This beautiful home is filled with traditional furniture and antiques from the homeowners’ travels and stints of living in Indonesia and Hong Kong. These classic pieces give the space a distinctive tropical, South East Asian vibe which blends seamlessly with Karachi’s climate and vegetation.
The lady of the house ushered us into her home on a blisteringly hot Karachi day and, in between sips of ice-cold lemonade and nibbling on home made snacks, showed us around her home.
Did you build this house?
No, we bought it and it had already been renovated. But we did make some alterations like all the flooring was changed and so was the powder room. But then we moved away for several years. Recently, we did some more much needed renovations.
You have some stunning furniture and antiques. Were they collected over the years?
Well first I inherited some pieces of antique furniture when my parents’ house was sold. Then I have lived in Jakarta and later in Hong Kong and I picked up most of my furniture in these places. So yes, it has been collected over the years. The wicker backed chair is also Indonesian, it is called a Lotus chair and the side cabinets are Tibetan.
Are you particularly drawn to antiques? Is that your preferred aesthetic?
I am drawn to antiques but I like to mix it up. Like my sofa is more contemporary. The big wooden chest is an antique that belonged to my grandmother.
You bought your first pieces in Jakarta?
We moved there with no furniture at all so when we set up home I had to start buying things. I started visiting the antique markets which were basically tiny shops crammed haphazardly with furniture.
I would spend the afternoons browsing there. There was an old man I used to haggle with. The first pieces I bought were a writing desk for my husband and two chairs. They were just lying in the shop covered with dust but were antiques. These shops will also make furniture for you using antique wood, as opposed to actual antiques, and I also have those pieces.
Tell us about some of the more distinctive pieces.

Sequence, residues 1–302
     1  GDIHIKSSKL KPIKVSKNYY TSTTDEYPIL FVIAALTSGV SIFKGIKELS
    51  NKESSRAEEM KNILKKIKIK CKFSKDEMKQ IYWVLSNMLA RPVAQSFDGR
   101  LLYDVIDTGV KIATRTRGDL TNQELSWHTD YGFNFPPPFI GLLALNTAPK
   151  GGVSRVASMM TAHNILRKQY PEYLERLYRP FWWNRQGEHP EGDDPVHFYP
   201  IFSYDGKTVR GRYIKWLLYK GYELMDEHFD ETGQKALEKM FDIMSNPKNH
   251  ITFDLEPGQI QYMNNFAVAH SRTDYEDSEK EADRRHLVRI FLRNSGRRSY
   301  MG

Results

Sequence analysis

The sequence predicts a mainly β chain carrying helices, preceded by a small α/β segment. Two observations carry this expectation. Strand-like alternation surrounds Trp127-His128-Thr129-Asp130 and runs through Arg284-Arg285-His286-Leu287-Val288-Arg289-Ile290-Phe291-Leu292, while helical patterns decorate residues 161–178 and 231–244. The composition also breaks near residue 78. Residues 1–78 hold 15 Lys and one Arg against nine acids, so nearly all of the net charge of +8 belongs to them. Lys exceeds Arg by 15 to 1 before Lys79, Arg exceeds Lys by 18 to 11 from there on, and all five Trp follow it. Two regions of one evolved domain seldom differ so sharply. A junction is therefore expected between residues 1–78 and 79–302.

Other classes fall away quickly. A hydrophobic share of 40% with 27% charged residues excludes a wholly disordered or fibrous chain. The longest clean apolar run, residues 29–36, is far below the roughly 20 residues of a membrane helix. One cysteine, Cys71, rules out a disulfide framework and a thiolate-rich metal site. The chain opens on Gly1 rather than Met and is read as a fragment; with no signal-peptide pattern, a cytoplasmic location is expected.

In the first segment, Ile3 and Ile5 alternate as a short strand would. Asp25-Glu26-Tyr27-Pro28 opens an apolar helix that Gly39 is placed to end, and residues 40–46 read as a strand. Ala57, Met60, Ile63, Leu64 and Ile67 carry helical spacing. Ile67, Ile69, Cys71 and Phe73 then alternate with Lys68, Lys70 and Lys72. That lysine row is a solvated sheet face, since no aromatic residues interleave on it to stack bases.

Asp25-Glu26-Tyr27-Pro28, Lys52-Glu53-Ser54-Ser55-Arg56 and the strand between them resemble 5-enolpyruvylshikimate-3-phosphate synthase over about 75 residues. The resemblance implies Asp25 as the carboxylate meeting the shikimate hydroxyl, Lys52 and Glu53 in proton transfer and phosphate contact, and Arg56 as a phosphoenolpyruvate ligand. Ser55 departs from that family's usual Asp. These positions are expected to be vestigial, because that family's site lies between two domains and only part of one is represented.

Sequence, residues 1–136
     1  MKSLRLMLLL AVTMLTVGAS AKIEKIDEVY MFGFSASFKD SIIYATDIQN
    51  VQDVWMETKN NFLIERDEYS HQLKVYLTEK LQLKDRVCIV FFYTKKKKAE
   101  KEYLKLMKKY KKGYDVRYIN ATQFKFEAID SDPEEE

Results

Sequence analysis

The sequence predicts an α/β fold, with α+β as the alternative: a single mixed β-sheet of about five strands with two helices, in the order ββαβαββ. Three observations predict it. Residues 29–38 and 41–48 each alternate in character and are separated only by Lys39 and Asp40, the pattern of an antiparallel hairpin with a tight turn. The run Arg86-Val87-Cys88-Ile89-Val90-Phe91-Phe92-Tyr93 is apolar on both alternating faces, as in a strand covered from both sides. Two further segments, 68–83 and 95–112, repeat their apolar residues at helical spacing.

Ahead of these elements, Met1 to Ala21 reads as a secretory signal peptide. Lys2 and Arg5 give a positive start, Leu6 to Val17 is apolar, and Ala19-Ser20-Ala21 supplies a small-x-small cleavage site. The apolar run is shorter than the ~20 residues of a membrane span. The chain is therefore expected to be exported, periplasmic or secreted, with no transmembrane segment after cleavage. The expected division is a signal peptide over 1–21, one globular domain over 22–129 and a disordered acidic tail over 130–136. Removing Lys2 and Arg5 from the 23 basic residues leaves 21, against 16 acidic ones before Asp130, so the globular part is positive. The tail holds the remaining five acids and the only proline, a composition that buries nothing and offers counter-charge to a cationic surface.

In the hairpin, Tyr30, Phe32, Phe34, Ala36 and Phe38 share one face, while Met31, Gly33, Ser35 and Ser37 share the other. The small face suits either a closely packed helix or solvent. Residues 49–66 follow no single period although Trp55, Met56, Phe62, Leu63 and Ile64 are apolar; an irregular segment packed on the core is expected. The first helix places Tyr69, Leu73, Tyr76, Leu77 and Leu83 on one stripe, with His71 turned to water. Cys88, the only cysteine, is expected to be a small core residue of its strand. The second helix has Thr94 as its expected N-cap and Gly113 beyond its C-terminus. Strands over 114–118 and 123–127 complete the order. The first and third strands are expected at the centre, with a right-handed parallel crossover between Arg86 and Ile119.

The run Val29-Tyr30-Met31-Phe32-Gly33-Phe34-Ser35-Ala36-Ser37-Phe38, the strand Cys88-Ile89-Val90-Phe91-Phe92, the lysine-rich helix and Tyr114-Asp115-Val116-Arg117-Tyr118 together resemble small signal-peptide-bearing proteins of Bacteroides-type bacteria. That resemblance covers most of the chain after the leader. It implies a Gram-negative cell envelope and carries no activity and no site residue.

Well you see the the frame mounted on the wall above the settee in the drawing room… I have two of these. The other one is in the passage outside and I have added a mirror to it. These are Indonesian and are actually frames for beds, not a bed head, but the frame used to be in front of the bed.
Then this carved chest, also from Indonesia, is actually a box which was used for holding a bridal dowry. I’m using it as a coffee table. The Indonesian furniture is all wooden and carved.
The colourful side cabinets and red chairs are from China. Some pieces were bought new from large furniture shops.
This little cabinet is filled with mementoes.
Yes. I have to show you this tray and a single glass which was won by my mother at a school competition. And she was given this as a prize by Quaid-e Azam himself. So it really has a history.
Where do you spend the most time?
My husband likes to sit in the front lounge which gets very good light. We also use the outdoor patio. The pottery you see here is from Indonesia. But the small jhoola in the corner, which is a child’s swing, is another family heirloom which was in actual use in the family.
This beautiful tiled patio outside is a new addition to the house.
This is a recent addition. We actually had a swimming pool which was filled in. My children used to use the pool when they were little but now we had no use for it. It’s a lovely area to sit outside and I’m still adding plants to fill it up.
There are some interesting brass pieces here.
Many of these belonged to my mother. This drum was actually filled with water and kept outside the house with the bucket to wash our hands and feet when we were little.
Are you fond of gardening?
I wish I knew more about plants. I have planted gulmohar here and have my motia in pots. The lovely sera bel creeper in the front of the house is also special to me as it is grown from a cutting from the creeper over the gate in my parent’s old house.
Photography by Naeema Kapadia